The Roots of Collaborative Innovation
This article follows Charlie Smith’s kind request to address Buckminster Fuller’s question from which he created his extraordinary inventive technical and social inventions and projects: “At this extraordinary time of social, political and economic disintegration, with respect to Collaborative Innovation, What is the most important question we can ask, and why?” The author’s answer to this question comes from the central question of life and leadership with respect to Collaborative Innovation: “What choice can I make, and action can I take, in this moment, to create the greatest net value to share with?” In Collaborative Innovation each individual shares his/her own worldview. Therefore, collective intelligence overcomes individual limitations into common wellbeing. In the following sections the author addresses the issues of human worldview, social theory, values, and creativity, under the essence of Buckminster Fuller’s rationale, to elucidate human applied, narrative, and language logic to explain why.
Usually, innovation is often conflated with strategy. Strategy, after all is a coherent and substantiated logic for making choices, while innovation is a messy business which creates novel solutions to important problems. Put simply, strategy is about achieving objectives, while innovation is about discovery, we never know exactly where we are going until we get there. In other words, while strategy creates a clear path to a goal, innovation is often started with a confused approach.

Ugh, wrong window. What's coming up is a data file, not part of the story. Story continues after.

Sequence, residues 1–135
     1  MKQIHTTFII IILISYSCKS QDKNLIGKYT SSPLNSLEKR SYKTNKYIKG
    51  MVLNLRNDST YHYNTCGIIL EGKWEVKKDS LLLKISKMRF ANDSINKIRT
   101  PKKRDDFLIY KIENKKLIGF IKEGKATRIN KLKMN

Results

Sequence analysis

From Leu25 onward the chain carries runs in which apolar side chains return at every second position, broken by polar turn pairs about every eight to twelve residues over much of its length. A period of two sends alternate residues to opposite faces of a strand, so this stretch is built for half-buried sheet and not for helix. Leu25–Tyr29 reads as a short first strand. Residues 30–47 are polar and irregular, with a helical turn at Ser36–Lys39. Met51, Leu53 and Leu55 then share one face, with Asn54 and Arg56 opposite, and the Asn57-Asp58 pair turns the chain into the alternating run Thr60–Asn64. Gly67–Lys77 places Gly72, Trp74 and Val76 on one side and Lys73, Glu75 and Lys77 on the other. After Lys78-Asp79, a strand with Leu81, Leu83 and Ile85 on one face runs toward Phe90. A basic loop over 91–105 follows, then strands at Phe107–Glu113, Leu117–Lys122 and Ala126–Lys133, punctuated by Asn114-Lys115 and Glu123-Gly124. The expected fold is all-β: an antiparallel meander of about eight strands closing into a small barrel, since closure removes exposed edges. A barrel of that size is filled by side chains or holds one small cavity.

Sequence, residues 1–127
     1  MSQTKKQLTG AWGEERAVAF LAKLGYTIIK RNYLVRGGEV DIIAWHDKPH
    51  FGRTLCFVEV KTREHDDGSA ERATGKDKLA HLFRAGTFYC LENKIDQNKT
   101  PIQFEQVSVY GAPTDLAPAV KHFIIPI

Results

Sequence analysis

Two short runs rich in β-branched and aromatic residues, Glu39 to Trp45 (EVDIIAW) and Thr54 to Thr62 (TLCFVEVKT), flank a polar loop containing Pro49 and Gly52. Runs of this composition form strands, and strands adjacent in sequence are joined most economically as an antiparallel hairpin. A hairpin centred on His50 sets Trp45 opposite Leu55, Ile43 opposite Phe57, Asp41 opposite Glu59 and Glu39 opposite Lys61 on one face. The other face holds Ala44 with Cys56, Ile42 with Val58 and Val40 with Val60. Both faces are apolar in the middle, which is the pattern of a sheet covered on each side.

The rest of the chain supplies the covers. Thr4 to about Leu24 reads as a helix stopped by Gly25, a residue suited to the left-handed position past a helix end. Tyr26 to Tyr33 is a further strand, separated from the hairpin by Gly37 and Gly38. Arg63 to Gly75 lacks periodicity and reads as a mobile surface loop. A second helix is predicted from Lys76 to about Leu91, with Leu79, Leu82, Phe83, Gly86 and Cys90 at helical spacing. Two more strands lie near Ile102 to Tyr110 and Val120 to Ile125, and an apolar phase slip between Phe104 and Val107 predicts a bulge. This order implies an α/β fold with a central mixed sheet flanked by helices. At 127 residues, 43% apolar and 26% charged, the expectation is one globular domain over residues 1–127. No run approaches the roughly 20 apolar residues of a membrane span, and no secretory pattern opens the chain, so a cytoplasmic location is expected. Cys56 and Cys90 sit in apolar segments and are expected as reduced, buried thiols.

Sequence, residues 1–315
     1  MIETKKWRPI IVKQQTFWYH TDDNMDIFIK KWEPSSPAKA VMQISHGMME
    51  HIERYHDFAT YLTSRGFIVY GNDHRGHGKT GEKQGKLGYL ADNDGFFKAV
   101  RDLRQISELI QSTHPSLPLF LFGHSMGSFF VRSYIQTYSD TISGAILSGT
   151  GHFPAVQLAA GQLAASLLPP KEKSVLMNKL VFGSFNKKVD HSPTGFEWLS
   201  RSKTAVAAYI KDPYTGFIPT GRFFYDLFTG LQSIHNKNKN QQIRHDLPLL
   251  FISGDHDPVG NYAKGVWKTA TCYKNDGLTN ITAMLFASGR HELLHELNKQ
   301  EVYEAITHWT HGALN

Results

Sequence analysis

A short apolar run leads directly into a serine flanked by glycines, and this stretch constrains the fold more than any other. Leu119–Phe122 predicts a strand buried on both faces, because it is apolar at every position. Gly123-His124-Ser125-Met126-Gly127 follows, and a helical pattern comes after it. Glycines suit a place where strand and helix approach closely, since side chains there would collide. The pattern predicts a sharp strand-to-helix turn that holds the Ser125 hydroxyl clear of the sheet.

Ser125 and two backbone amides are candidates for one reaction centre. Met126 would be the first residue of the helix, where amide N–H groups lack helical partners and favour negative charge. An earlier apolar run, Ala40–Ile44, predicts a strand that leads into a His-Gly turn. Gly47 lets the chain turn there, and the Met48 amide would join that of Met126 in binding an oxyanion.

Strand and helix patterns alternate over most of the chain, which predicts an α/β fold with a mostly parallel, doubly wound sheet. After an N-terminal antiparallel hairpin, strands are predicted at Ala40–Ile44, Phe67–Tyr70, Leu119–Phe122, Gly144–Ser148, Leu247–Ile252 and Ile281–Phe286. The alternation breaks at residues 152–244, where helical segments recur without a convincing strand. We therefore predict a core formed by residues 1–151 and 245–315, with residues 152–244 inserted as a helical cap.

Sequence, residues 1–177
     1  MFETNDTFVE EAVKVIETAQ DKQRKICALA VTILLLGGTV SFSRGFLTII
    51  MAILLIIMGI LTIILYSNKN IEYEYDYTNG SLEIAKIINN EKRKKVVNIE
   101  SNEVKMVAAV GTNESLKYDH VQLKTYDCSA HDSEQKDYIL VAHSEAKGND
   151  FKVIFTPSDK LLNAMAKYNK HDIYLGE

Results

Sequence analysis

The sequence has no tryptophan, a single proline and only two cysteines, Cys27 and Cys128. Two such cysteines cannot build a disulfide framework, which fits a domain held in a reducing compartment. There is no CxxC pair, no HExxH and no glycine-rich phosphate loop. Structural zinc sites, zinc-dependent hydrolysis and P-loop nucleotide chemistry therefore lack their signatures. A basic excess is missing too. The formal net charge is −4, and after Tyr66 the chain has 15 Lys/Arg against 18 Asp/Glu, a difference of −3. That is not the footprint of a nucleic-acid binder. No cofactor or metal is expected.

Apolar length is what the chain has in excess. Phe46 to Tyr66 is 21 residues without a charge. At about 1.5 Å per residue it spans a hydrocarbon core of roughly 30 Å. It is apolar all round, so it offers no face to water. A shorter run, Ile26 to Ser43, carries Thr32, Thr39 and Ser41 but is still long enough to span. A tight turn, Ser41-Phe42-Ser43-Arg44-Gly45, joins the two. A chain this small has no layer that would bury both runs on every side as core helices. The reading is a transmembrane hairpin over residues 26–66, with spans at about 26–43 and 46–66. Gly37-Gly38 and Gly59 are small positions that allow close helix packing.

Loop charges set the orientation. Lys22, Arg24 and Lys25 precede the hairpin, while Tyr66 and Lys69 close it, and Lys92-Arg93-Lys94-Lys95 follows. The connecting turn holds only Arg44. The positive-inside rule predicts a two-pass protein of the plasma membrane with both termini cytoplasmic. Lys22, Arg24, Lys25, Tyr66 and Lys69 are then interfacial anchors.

What is innovation then? As a matter of fact, currently innovation means different things to different people. It ultimately is what you think it is. What is a useful definition for you will not work for others, and vice versa. For instance, American business researcher Hutch Carpenter wrote a post outlining 25 different definitions of innovation in 2010 (Carpenter, 2010). He breaks the definitions down into five sub-categories, which all reflect slightly different takes on the nature of innovation. More recently, American business researcher Tim Kastelle defines innovation as “executing new ideas to create value” (Kastelle, 2011). The point is that different types of innovation require different strategic approaches.